The computers the human race currently work with aren't built for space, and can't last long in off-planet environments. Astronauts aboard the ISS need new machines every month, as the old ones get destroyed by various factors that don't exist on Earth, like solar flares, radiation, subatomic particles, and irregular cooling.
Considering that SpaceX is currently preparing for a mission to Mars, it is paramount that the astronauts that eventually head out there have durable, working machines.
Now, HP has announced it is working with NASA to create such a computer. The HPE Apollo Spacebourne Computer is going to be lifted into space today, on board the SpaceX-12 rocket. It's a “high performance commercial off-the-shelf (COTS) computer system”. It was ruggedised to withstand the harsh environments of space but not from the hardware side – which is the usual approach – but from the software side instead.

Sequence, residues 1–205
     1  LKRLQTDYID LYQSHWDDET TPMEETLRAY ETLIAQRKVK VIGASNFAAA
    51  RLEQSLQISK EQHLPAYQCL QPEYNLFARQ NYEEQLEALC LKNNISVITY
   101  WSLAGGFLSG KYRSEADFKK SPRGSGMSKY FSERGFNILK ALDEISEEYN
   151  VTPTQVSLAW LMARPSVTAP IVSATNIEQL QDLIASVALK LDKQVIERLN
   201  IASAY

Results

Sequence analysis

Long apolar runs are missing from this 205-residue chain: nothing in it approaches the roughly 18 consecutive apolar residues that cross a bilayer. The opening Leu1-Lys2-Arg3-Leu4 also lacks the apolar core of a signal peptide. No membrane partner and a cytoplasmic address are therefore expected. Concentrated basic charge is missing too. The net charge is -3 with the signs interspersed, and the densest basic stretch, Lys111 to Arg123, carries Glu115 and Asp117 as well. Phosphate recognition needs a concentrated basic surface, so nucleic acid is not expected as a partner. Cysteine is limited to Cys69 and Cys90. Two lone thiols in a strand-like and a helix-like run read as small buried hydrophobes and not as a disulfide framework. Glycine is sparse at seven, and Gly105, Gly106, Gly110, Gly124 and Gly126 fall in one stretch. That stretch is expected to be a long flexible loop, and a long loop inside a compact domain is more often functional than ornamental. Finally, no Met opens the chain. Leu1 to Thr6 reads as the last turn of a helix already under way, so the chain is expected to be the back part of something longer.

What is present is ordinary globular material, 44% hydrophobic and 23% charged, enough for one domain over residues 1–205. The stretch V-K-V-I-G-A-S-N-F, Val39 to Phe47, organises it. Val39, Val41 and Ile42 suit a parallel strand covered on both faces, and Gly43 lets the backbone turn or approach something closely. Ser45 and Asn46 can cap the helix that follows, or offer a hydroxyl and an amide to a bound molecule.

It passed 146 safety tests and certifications before NASA cleared it for space.
“The Spaceborne Computer includes the HPE Apollo 40 class systems with a high speed HPC interconnect running an open-source Linux operating system. Though there are no hardware modifications to these components, we created a unique water-cooled enclosure for the hardware and developed purpose-built system software to address the environmental constraints and reliability requirements of supercomputing in space,” HP said.
“We see the Spaceborne Computer experiment as a fitting extension to our HPE Apollo portfolio, purpose-built for supercomputing. HPE is excited to expand its relationship with NASA, pioneering HPC in space and taking one step closer to the Mission to Mars.”
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